The North Coast of KwaZulu-Natal inspires with its complex palate of greens. From lush wood forests, and sugar cane fields to a cornucopia of fruit trees. My favourite is that of the young mango, which, when sliced and salted and offered up with vinegar and curry powder, serves as a time travel device to childhood. I recall devouring bite after bite, sitting in a tree, as my little feet gently pendulum swung in ecstasy.
But the ubiquitous fruit is not only the stuff of memories, it is also the star of parables. To be green is to be in a state of learning and evolving toward the ripeness of experience and wisdom.
As an entrepreneur you typically start out green. There is a lot you don’t know. You believe that the sheer beauty of your business idea is what will make it thrive and grow into a thing of stature and success. Sometimes we become so enamoured with the innovation, idea, or creation that it takes all our focus. The reality is that your business can only really grow and scale when the back end is correctly looked after. Accurate accounting, administration and record keeping are the supporting stars of a successful business.
It is important that if you lack basic bookkeeping skills you may need to hire one or bring in the services of an accountant or tax practitioner. This does not mean you get to leave it all in their hands while you concoct your next move; in the end it is still your responsibility to ensure you remain tax compliant with the South African Revenue Services (Sars). And here is where many lose the plot. When it comes to company taxes, like most financial tasks, it comprises numerous tax types, including VAT and PAYE, together with multiple regulatory obligations. Failure to comply with the regulations could expose a small or medium business owner to a build-up of unpaid taxes, resulting in liability compounded every day by penalties and interest.
I was commiserating with another business owner recently, discussing how this is a pitfall others fall prey to, typically because they left the responsibility to someone else, were ignorant of the process or too busy firefighting on the shop floor. In many instances finding oneself liable or non-compliant can threaten your survival or almost certainly deal a fatal blow to your business.
We resolved that sharing the gospel of compliance and understanding of how this all works is an important crusade for us at the coal face of small, micro and medium enterprises (SMMEs) as an important propeller of our country’s economic growth. So what do we need to know and how do we stay compliant so that we can secure the contracts or land crucial funding to grow our enterprises and shrink the ranks of the unemployed?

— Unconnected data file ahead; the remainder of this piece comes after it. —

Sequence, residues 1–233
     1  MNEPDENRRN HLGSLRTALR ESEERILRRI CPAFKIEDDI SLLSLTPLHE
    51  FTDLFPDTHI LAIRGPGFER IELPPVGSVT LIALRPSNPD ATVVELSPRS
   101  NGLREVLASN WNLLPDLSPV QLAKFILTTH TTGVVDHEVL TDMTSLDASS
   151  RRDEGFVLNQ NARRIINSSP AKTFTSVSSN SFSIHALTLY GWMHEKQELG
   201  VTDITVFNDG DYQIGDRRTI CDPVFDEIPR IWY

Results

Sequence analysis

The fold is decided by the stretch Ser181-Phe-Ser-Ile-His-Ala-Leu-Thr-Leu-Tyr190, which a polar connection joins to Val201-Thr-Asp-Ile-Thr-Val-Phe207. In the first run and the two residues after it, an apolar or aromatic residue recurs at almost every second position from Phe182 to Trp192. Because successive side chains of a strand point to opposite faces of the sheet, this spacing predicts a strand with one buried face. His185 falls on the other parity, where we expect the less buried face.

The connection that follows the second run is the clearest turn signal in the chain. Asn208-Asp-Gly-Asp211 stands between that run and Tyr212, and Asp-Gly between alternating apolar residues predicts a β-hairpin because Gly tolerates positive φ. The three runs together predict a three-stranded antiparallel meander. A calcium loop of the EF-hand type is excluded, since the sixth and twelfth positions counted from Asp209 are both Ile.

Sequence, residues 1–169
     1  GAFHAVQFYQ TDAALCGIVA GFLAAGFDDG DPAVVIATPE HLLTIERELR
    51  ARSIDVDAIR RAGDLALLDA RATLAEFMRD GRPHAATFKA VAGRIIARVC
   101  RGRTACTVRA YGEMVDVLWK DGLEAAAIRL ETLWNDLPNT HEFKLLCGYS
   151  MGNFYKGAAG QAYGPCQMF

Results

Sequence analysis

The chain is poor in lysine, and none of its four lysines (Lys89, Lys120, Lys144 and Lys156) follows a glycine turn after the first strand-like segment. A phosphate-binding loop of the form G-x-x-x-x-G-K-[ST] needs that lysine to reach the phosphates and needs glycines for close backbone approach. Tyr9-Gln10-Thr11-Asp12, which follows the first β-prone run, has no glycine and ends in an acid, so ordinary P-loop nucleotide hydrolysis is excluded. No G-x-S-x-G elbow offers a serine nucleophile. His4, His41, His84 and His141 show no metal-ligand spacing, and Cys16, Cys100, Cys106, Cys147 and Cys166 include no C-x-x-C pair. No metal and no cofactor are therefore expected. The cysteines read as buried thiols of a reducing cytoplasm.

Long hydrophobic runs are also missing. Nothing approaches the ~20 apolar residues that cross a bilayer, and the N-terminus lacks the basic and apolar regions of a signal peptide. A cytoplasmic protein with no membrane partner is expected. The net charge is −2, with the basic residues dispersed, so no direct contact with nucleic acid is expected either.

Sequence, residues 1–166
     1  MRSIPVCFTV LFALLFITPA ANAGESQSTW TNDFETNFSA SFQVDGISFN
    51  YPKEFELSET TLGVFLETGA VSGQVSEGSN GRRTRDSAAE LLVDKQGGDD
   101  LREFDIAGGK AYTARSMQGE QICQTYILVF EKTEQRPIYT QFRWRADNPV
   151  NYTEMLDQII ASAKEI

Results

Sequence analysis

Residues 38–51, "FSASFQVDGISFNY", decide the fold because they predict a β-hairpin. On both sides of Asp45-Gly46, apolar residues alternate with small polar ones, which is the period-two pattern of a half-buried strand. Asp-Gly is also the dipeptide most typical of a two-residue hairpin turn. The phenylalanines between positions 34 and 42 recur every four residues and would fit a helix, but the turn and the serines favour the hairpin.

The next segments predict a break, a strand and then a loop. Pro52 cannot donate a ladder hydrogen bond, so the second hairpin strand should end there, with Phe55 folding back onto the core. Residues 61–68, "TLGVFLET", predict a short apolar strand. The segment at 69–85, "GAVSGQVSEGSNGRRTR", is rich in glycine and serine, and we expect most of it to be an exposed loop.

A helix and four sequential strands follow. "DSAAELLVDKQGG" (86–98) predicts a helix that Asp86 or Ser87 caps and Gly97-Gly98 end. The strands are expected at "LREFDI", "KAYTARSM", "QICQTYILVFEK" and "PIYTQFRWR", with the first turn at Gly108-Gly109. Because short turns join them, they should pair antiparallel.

How do we become proactive, in correctly handling our tax affairs, especially if we have to remedy non-compliance? One of the ways is to ask those who know. Jashwin Baijoo, the legal manager at Tax Consulting South Africa, advocates staying tax compliant from the outset. And here’s his five point plan on how you do that.
1. Ensure you are registered for corporate income tax, skills development levy, PAYE, UIF and VAT, if your annual turnover is projected to exceed R1-million.
2. Submit all your return types on time on their correct dates, and the bi-annual EMP501 (employees’ earnings) reconciliations if required.
3. Double-check all calculations pre-submission, even if they are completed by a qualified accountant or tax practitioner. Remember, the buck stops with you as the business owner.
4. Settle any liability rightfully due to Sars, as and when it is raised. This avoids the levying of interest and penalties.
5. Finally, should you disagree with a liability claimed by Sars, or be unable to afford it, consult a tax attorney immediately as we find Sars quite amicable in instances where the correct legal course is followed.
But let’s say you misstepped, overlooked or just didn’t know all these things and Sars is knocking on your door, either through a Letter of Final Demand “(the Demand”), a third party appointment or some other means of collection.
You can either become paralysed by the fear of how you will pay what’s due and whether Sars will attach your property or drain your account, measures which Baijoo says they are legally entitled to, or you can take some action.
He explains there are numerous means by which errant taxpayers can start the new year on a clean slate, with the most cost efficient of them all being a Compromise of Tax Debt application (“the Compromise”).
“This is aimed at aiding taxpayers, both SMMEs and individuals alike, in reducing their tax liability by means of a Compromise Agreement (“the Agreement”) and helping to keep the cash constrained taxpayer afloat until some financial reprieve is in sight,” says Baijoo.
Baijoo adds that where Sars is approached correctly, and with strong merits, a tax debt can be reduced and the balance paid off in terms of the Compromise, allowing some much-needed breathing room and helping SMMEs all over the country to become tax compliant and remain a going-concern for the foreseeable future.
So, I hope this goes some way in helping you not only stay afloat, but helps you harness your engines to travel this sometimes unknown and seemingly unnavigable path. Good luck.